The Deep South, even with a depleting resource and lesser quality wood, has been shipping huge volumes all over the US. It's being called bankruptcy logging and is expected, by one Canadian lumber official's estimate, to be gone in a very few years. "That area has mortgaged its future for short term immediate gain," the official says. There's too much product for an economy in or near recession to absorb. 

The attempt to blame Canadian forest management practices and stumpage "subsidies" ignores problems created by American producers themselves. They can't restrict trade within their own borders, which leaves complaints about Canadian softwood imports as their only or at least best option. This is the situation in which any new model for crossborder softwood trade will have to fit. It's also the situation in which Canada's own problems will have to be resolved. Forest management practices, especially in BC, would need modernizing, with or without the softwood lumber dispute. Quebec, Ontario and Alberta insist not as much fixing is needed in their jurisdictions where, they say, stumpage rates are closer to economic levels even by American calculations. 

This East-West divide makes it hard for Canada to develop a coherent national policy immune to American hardball politics on exports.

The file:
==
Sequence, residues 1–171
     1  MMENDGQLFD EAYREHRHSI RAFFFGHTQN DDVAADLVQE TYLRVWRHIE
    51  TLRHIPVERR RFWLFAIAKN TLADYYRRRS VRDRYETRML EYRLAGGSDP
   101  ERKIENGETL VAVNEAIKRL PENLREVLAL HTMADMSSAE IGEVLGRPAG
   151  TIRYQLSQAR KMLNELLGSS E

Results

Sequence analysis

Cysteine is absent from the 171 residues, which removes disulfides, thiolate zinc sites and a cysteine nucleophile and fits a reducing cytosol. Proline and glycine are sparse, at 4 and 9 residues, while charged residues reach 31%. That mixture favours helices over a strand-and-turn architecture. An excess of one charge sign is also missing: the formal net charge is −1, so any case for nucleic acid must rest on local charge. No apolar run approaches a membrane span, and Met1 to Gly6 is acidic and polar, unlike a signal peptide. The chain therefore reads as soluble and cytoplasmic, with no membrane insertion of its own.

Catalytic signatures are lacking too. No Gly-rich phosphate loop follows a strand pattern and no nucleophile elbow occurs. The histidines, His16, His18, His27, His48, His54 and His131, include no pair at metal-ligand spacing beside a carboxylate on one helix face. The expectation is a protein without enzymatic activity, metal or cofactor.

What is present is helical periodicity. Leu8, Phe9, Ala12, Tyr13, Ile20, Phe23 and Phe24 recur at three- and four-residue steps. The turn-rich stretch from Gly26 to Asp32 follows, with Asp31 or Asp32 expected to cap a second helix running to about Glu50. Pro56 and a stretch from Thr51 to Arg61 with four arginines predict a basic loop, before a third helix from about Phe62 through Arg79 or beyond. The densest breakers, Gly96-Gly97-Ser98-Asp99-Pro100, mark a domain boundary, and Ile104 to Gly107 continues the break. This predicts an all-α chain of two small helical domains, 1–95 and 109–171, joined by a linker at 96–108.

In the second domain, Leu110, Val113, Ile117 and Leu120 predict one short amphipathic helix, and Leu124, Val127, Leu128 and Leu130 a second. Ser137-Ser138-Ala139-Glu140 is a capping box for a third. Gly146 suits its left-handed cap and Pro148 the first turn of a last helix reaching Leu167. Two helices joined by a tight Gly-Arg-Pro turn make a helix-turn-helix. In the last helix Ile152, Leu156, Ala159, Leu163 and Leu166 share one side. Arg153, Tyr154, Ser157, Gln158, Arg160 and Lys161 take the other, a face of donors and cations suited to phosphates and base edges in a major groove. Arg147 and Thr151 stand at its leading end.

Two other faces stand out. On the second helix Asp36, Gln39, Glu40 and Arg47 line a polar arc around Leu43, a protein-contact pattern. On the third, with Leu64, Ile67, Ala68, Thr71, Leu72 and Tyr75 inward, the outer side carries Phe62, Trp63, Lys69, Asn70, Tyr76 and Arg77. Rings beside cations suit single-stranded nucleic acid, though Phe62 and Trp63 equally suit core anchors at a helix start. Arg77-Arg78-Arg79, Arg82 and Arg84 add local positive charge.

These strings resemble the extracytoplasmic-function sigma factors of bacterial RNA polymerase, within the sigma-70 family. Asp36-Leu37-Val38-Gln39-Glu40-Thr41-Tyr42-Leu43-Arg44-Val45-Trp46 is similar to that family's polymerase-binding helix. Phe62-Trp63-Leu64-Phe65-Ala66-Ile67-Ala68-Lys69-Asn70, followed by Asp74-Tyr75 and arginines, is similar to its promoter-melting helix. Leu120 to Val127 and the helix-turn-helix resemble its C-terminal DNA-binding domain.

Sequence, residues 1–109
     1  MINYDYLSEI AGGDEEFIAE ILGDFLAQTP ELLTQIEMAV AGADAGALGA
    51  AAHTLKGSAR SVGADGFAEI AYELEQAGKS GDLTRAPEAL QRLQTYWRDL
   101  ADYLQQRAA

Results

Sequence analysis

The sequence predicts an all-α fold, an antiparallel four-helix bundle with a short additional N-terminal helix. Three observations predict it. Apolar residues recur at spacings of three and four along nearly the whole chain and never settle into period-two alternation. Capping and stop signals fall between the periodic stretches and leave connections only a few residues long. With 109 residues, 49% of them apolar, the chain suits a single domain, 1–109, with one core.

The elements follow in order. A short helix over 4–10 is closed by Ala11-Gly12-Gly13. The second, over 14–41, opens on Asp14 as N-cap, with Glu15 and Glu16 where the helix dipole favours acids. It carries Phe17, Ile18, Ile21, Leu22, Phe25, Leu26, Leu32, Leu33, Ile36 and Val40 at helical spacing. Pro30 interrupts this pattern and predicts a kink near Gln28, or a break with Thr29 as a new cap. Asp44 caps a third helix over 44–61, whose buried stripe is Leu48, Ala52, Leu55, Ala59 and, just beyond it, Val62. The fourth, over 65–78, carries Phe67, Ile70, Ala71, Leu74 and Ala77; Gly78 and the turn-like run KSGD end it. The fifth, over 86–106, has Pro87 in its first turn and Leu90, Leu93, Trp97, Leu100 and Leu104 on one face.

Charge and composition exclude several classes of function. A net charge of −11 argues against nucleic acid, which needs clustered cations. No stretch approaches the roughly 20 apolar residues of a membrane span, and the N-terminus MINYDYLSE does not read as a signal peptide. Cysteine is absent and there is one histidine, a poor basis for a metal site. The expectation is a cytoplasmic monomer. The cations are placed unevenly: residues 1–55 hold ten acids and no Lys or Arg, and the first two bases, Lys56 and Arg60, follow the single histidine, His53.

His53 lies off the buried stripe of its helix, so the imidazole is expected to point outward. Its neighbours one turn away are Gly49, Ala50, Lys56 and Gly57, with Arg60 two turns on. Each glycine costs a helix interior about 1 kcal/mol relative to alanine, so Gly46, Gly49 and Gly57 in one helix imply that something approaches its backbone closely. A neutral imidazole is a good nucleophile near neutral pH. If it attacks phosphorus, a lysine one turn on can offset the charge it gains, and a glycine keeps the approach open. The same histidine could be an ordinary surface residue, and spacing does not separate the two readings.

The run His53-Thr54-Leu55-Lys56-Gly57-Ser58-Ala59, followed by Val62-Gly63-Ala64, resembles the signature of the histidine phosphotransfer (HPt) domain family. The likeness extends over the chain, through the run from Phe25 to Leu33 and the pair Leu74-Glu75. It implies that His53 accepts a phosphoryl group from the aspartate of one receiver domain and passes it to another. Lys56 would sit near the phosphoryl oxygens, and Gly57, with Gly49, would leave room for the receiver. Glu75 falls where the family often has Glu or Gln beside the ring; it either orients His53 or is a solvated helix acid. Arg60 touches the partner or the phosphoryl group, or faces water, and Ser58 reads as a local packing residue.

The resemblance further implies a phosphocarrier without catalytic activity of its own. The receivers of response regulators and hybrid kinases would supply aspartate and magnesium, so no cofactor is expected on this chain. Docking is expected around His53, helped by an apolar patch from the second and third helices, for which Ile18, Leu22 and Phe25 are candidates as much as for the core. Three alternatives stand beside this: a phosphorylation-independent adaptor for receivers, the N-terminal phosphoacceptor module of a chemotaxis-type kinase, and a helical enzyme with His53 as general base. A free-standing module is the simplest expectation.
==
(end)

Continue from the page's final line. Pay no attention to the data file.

BC has always been the biggest target for the US Coalition for Fair Lumber Imports, not only because it ships the biggest volumes but because forest practices there have been the most vulnerable in American eyes. BC has been accused of using forest management policy to engineer social objectives. Tenures and sawmill production rules have been designed to ensure that forestry is based in communities near the wood. Through appurtenancy regulations in the Forest Act, timber must be processed at sawmills near where the logging takes place, even when it might be more economic to ship logs to other mills. 

Annual harvesting minimums are criticized by the industry itself as irrational because they ignore market conditions and impose costs bigger than they need to be. In a report published in November, former University of BC forestry professor Peter Pearse said bluntly that the BC industry is in crisis. At $559 per thousand board feet- year 2000 figures-the cost of production on the coast is by far the highest in the world. The labour component at $228 is also the highest in the world. US Inland wood at $450 per thousand board feet (labour $124) comes second. Eastern Canadian costs, at $304 per thousand board feet, are 45 per cent less than on the BC coast. Even in the younger BC Interior industry, the comparative number is $343 per thousand board feet. 

The cheapest softwood comes from Chile where it costs $202 per thousand board feet, with labour at a mere $49. By 1999, return on capital in coast production had dropped from a 10-year average of 9.8 per cent to a five-year average of seven per cent, according to Pearse. "All the usual measures of economic performance lead to the conclusion that the industry cannot sustain itself on its present path," he says. Since 1997, eight sawmills, two panelboard mills and one pulp mill out of 47 mills have been closed.